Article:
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Posted: Apr 07, 2016
Researchers cook up new battery anodes with wild mushrooms
(Nanowerk News) Carbon fibers derived from a sustainable source, a type of wild mushroom, and modified with nanoparticles have been shown to outperform conventional graphite electrodes for lithium-ion batteries.
Researchers at Purdue University have created electrodes from a species of wild fungus called Tyromyces fissilis.
Microscope images of a type of wild fungus shows that it contains an interconnected network of fibers ideal for battery anodes. (Purdue University image/ Jialiang Tang) (click on image to enlarge)
"Current state-of-the-art lithium-ion batteries must be improved in both energy density and power output in order to meet the future energy storage demand in electric vehicles and grid energy-storage technologies," said Vilas Pol, an associate professor in the School of Chemical Engineering and the School of Materials Engineering. "So there is a dire need to develop new anode materials with superior performance."
Batteries have two electrodes, called an anode and a cathode. The anodes in most of today's lithium-ion batteries are made of graphite. Lithium ions are contained in a liquid called an electrolyte, and these ions are stored in the anode during recharging.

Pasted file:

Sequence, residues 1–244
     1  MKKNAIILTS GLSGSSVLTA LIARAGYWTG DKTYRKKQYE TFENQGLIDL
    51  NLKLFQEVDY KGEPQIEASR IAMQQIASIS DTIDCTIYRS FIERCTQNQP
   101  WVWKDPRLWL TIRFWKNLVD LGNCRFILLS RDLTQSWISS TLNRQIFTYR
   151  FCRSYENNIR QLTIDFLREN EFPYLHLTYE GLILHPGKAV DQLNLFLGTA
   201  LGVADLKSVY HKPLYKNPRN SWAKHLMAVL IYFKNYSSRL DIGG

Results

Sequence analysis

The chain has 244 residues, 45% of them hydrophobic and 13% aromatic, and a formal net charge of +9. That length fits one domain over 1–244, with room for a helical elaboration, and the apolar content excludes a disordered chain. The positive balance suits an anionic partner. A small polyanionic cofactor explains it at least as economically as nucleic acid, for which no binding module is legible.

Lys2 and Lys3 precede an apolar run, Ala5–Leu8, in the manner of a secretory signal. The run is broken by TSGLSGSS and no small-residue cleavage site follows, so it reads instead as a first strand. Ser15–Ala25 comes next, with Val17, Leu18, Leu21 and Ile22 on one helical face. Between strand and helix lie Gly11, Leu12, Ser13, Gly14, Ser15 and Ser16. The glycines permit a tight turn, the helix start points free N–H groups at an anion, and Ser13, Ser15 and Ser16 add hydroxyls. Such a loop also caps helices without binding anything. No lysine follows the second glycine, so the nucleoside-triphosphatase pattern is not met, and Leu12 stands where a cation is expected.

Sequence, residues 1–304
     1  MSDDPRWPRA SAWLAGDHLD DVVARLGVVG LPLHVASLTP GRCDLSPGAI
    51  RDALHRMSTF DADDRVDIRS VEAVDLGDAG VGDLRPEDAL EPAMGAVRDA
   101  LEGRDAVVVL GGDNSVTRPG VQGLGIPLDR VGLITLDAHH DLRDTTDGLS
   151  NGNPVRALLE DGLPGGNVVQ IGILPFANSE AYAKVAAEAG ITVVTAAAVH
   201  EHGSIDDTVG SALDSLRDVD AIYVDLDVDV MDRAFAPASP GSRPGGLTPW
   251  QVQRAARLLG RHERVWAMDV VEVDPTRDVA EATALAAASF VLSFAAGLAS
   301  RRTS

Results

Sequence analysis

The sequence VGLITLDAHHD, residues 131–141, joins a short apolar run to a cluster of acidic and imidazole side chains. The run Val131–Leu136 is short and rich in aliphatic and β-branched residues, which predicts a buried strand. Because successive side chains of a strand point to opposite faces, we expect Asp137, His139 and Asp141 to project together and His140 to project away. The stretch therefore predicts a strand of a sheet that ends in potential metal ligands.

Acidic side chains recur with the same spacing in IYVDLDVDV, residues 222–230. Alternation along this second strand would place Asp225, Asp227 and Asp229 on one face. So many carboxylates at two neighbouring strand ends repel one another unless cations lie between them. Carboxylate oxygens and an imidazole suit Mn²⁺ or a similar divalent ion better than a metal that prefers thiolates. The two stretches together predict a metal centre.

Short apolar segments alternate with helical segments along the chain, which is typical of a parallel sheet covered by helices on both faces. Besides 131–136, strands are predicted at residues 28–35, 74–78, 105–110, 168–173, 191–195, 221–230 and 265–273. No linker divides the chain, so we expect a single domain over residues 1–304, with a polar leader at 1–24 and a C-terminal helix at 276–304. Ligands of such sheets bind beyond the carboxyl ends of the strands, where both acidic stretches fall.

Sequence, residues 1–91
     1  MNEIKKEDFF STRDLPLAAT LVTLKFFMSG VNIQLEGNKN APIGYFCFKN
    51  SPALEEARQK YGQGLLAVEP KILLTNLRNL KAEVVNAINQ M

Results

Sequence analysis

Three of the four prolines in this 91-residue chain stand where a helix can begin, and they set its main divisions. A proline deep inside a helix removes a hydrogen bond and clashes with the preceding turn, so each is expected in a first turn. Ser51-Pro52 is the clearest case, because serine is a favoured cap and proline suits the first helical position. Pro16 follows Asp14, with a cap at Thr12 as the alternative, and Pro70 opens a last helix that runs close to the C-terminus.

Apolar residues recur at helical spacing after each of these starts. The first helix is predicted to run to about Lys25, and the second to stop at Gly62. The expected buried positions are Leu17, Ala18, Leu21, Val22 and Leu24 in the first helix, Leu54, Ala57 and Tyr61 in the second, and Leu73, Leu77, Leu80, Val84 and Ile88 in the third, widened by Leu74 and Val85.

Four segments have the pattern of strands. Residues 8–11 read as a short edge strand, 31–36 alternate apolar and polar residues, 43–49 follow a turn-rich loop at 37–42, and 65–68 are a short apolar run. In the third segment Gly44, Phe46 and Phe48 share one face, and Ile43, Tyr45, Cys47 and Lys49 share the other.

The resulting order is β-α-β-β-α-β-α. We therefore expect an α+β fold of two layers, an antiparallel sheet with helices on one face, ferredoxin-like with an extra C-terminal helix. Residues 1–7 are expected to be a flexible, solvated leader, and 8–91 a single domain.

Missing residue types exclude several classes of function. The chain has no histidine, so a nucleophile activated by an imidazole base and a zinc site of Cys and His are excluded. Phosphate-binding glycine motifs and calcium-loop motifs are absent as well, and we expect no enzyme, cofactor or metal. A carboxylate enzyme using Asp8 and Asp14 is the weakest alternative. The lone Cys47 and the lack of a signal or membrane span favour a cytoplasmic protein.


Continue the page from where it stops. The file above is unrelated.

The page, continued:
Pol and doctoral student Jialiang Tang have found that carbon fibers derived from Tyromyces fissilis and modified by attaching cobalt oxide nanoparticles outperform conventional graphite in the anodes. The hybrid design has a synergistic result, Pol said.
"Both the carbon fibers and cobalt oxide particles are electrochemically active, so your capacity number goes higher because they both participate," he said.
The hybrid anodes have a stable capacity of 530 milliamp hours per gram, which is one and a half times greater than graphite's capacity.
One approach for improving battery performance is to modify carbon fibers by attaching certain metals, alloys or metal oxides that allow for increased storage of lithium during recharging. Tang got the idea of tapping fungi for raw materials while researching alternative sources for carbon fibers.
"The methods now used to produce carbon fibers for batteries are often chemical heavy and expensive," Tang said.
He noticed a mushroom growing on a rotting wood stump in his backyard and decided to study its potential as a source for carbon fibers.
"I was curious about the structure so I cut it open and found that it has very interesting properties," he said. "It's very rubbery and yet very tough at the same time. Most interestingly, when I cut it open it has a very fibrous network structure."
Comparisons with other fungi showed the Tyromyces fissilis was especially abundant in fibers. The fibers are processed under high temperatures in a chamber containing argon gas using a procedure called pyrolysis, yielding pure carbon in the original shape of the fungus fibers.
The fibers have a disordered arrangement and intertwine like spaghetti noodles.
"They form a conductive interconnected network," Pol said.
The interconnected network brings faster electron transport, which could result in faster battery charging.